has disappeared as a breeding bird from Greenland since 1930 (Boertmann 2001). 
Moreover, its distribution in Greenland had always been limited to the extreme 
northwest (above 77°N), while Iceland Gull mainly breeds in the southern part of 
the island, reaching its northern limit at 74°N along the west coast (Boertmann 

	* Preliminary DNA results have shown that Thayer's Gull is more closely related 
to Glaucous-winged Gull than to either Iceland or Kumlien's Gull (AERC TAC 2003; 
Gay et al 2005). Chu (1998) had reached the same conclusion before, but on the 
basis of morphological and skeletal data. 

	* The current breeding population of Kumlien's Gull (c. 10,000 pairs) is about 
twice the size of that of Thayer's Gull (4,000 to 6,000 pairs) (Weir et al 2000) 
- a strange discrepancy for any "hybrid population". 

	* Kumlien's Gull has a separate range, both in summer and in winter. Its 
breeding area is mostly limited to the southern half of Baffin Island, Canada.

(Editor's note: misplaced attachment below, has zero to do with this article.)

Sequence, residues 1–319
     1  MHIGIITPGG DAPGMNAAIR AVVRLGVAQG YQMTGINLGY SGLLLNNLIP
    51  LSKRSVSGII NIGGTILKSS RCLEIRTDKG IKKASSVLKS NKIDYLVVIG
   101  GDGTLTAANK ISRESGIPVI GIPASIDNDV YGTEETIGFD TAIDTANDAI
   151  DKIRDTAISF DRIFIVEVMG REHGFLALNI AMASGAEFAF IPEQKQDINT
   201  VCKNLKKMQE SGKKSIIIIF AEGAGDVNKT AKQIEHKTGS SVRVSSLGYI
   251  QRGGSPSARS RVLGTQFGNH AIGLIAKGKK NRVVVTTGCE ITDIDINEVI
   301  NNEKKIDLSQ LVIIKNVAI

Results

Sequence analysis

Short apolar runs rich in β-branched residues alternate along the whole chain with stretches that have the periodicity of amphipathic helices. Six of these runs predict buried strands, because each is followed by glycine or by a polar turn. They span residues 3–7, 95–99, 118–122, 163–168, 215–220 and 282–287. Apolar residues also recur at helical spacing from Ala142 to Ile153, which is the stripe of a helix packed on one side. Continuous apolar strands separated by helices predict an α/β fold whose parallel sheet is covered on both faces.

Thayer's Gull breeds in the northern half of Baffin Island and further to the 
north and west (Howell & Dunn 2007). Therefore, it is only on Baffin Island that 
the breeding areas of both taxa meet or, perhaps, overlap to a certain extent. 
In Greenland, no more than two breeding records of Kumlien's Gull are known so 
far, so its range does not really overlap with that of Iceland Gull either 
(Boertmann 2001). Kumlien's Gull mainly winters along the east coast of Canada 
and the United States, while Thayer's Gull migrates to the west coast and 
Iceland Gull mainly winters in Greenland and Iceland (Howell & Dunn 2007; Olsen 
& Larsson 2003). 

	* There are also small ecological differences. In winter, Kumlien's and Iceland 
Gull are more of a seabird than Thayer's Gull, which appears more strongly